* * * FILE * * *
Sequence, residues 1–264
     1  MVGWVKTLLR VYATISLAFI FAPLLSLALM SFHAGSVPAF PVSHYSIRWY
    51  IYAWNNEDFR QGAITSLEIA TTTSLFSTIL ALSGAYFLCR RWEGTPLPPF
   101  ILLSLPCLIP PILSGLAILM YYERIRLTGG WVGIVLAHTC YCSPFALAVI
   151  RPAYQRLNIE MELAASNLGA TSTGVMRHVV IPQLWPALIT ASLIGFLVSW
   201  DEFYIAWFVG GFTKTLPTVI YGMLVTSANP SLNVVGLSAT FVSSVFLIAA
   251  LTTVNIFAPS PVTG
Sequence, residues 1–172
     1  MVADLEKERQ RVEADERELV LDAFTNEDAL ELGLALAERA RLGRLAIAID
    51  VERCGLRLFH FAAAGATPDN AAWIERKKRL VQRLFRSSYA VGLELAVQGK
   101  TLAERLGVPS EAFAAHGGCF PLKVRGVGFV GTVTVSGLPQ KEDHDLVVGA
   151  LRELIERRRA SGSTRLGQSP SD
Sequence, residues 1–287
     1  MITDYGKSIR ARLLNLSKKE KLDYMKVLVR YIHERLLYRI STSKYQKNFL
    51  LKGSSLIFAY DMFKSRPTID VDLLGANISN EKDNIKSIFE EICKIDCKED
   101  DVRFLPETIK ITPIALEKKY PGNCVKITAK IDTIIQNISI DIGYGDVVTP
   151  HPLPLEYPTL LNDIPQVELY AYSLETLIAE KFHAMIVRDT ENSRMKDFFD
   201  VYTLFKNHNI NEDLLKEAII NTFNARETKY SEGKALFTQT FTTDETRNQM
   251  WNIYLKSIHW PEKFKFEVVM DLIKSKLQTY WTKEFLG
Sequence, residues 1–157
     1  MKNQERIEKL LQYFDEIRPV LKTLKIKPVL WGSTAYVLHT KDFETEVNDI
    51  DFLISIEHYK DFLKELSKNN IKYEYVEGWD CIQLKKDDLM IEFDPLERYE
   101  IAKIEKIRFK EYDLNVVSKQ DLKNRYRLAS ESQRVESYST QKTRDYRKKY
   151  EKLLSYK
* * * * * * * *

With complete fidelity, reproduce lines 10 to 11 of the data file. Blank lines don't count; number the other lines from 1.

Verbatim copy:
    51  VERCGLRLFH FAAAGATPDN AAWIERKKRL VQRLFRSSYA VGLELAVQGK
   101  TLAERLGVPS EAFAAHGGCF PLKVRGVGFV GTVTVSGLPQ KEDHDLVVGA